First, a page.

Of these, perhaps the simplest is to tap/splice into the head unit's power connections, which, from the graphic above showing the pin numbers, you can see that pin 12 (labeled "Earth") appears to be the ground and pin 16 appears to be the 12v constant and switched. Just need to verify which is which, then splice the parrot's orange to the 12v ignition lead and splice the parrot's red to the 12v constant (battery) lead. Finally, the parrot ground black will splice into the lead in pin 12.

That should be it. You will now be ready for audio and handsfree nirvana in your Saab. Now if we could only tap into the voice and phone buttons on the steering wheel. Anyone seen Alex lately? :)
 

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Hope you are experienced

, I get scared just watching you do it.Good luck with your install.I paid some genius to install mine and the fringe benefit was the turn indicator noise is no more as well as the warning speed bell when the unit is on.I'd be interested to see how your mounting goes as well .Please share PICS when done
 

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Discussion Starter · #3 ·
, I get scared just watching you do it.Good luck with your install.I paid some genius to install mine and the fringe benefit was the turn indicator noise is no more as well as the warning speed bell when the unit is on.I'd be interested to see how your mounting goes as well .Please share PICS when done
I've installed a couple of stereos in the past, mostly with harnesses supplied by Crutchfield. This is a whole other animal, which is why I've taken time to document my research.

At first I was completely overwhelmed at the seemingly insurmountable task of finding one solid documented method of installing this device. It becomes even more complicated when you have to consider if you are prewired for Tel1 or not and whether you have Aux-in already in play. In my case, I had neither.

For that reason, I'd have to purchase nearly $100 in adapters to make this plug and play and I'd still have to pull the radio for that.

I figure I'll learn as much as possible about what's required, then I'll give it a go. If I can't get it to work like I want it right out of the gate, there's a whole community of folks who've installed these (on all makes of vehicles) that hopefully can help push me through. I'd never even consider it were it not for the work already done by alex_c, italiancousin, saba and others who've shared their results and documented their processes here.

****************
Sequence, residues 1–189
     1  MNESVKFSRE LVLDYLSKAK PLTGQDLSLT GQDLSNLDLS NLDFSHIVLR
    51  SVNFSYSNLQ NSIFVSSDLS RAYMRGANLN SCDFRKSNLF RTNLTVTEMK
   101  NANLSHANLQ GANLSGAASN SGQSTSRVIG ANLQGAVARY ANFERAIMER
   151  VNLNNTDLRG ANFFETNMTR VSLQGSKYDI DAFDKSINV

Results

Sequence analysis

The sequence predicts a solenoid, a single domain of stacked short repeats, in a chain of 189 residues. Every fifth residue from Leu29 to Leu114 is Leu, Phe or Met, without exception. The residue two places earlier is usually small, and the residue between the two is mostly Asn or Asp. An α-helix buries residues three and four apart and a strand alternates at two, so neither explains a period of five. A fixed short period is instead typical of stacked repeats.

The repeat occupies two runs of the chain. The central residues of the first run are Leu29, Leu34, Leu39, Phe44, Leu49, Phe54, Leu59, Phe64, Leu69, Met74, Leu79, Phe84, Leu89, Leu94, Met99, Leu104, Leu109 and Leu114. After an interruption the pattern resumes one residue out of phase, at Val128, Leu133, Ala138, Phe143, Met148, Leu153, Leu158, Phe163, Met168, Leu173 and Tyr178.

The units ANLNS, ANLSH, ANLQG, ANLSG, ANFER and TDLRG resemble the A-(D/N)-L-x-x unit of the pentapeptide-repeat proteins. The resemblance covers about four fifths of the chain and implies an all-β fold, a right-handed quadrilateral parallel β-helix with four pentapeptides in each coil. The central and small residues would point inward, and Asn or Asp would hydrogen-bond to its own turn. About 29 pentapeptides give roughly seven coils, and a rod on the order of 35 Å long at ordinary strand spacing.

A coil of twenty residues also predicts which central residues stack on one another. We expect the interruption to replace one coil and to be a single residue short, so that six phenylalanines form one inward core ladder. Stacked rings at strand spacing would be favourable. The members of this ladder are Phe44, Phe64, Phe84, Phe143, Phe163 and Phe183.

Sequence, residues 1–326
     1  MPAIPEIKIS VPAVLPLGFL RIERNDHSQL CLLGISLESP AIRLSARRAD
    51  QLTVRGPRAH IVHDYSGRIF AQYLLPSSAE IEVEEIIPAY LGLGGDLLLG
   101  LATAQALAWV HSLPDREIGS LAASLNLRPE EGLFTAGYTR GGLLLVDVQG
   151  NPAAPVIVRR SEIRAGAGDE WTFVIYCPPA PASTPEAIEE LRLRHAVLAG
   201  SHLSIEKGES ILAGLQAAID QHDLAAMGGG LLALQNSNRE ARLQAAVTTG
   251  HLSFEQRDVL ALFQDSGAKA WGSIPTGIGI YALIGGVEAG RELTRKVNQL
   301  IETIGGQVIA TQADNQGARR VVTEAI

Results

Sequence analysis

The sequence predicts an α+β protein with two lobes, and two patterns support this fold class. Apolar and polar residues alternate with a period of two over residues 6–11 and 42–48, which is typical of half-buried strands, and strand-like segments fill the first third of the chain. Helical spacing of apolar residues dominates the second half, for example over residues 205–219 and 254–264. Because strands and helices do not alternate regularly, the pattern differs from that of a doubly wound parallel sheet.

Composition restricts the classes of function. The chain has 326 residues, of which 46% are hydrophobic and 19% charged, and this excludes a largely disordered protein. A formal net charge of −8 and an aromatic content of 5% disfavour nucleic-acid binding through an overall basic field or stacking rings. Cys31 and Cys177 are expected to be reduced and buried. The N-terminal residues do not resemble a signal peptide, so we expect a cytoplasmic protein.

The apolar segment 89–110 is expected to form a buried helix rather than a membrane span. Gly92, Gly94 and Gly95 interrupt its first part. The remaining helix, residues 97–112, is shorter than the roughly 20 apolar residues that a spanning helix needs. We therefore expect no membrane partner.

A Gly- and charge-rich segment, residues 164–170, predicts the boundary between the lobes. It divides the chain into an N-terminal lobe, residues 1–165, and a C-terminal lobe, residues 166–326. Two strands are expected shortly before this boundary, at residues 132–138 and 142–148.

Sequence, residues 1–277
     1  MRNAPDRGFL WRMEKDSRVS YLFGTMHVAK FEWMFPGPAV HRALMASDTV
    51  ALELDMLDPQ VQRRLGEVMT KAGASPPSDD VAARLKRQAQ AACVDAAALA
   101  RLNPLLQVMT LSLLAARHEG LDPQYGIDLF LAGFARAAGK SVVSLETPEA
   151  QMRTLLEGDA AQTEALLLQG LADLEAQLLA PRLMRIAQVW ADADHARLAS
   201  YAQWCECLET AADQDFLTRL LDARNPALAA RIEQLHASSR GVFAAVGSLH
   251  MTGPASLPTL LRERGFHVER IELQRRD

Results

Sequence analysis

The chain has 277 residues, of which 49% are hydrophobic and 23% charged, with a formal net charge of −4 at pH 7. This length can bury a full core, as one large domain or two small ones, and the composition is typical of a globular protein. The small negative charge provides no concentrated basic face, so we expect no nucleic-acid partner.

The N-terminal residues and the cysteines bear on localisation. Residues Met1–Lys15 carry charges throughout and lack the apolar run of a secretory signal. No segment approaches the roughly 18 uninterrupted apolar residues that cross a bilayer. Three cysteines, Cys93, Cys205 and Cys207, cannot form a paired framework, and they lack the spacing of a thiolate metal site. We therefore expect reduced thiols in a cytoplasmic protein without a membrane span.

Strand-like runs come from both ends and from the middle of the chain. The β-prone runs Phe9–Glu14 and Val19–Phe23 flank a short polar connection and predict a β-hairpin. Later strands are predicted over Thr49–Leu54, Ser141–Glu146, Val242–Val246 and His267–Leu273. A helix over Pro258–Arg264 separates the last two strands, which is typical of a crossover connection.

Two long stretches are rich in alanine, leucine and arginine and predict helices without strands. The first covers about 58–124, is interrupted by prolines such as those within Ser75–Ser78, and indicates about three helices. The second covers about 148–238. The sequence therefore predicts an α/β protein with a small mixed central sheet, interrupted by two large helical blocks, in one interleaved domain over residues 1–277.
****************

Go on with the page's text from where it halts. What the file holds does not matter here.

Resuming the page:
With that said, I'm taking my time to plan it out to the last detail so there's less of a chance I can screw something up when I decide to give it a go :)
 

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Discussion Starter · #4 · (Edited)
Here are a couple of pics of the dry fit

Just a couple of shots of the dry fit install. The parrot is tethered to the hidden blue breakout box (which is to be mounted under the center console near the ignition switch) by a thin, flat usb cable. As you can see from the pics, the factory look is definitely within reach. The materials, shape, color and finish of the parrot and its wireless remote fit the saab interior like they were made for it. Nice! :)





The parrot monitor
I've got to figure out the best entry point closest to the parrot monitor to route the USB cable. You can see it dangling from the parrot monitor in the pic below. Any ideas welcome. The parrot monitor is mounted to a rotating base that's attached to the radio screen via 3m double sided stick back. I've got a screen protector between the actual saab radio screen and the stick back. In the final fit, I hope to find black static cling to place over the saab screen so that when the radio is on, the display graphics of the saab head unit do not shine through. A slight green illumination of the area behind the parrot will probably be a neat halo effect though. We will see. I don't find any of the information thats presented on that screen very useful anyway, particularly since the most useful stuff is mirrored on the SID. The only thing I can see that I'm giving up is the ability to adjust settings, but I'll do those before the final fit.

Routing the parrot's usb tether
if I could sacrifice a button (perhaps the scan or phone button) with a clean rubber-grommeted hole in the middle or corner it would look closer to stock. Or perhaps if I could remove the button, then route the cable there and reinstall a blank over it, that would be the most stealth. Are the buttons individually attached? Any room behind them to route a small cable?

Otherwise, if I could somehow get some space between the screen and the dash the cord would virtually disappear.

The steering wheel remote (wireless rf powered by a 2032 battery)
I'm very pleased with the location of the steering wheel remote. I've been driving with it for a couple of days now and it feels just right. It sits comfortably in the crevice above the existing volume controls, and it blends in very well. The curve is an exact match to the area it sits in. The position of the thumbwheel is such that my thumb (as you can see in the pic) falls right over it with no effort in my normal driving position.

Navigating the parrot and ipod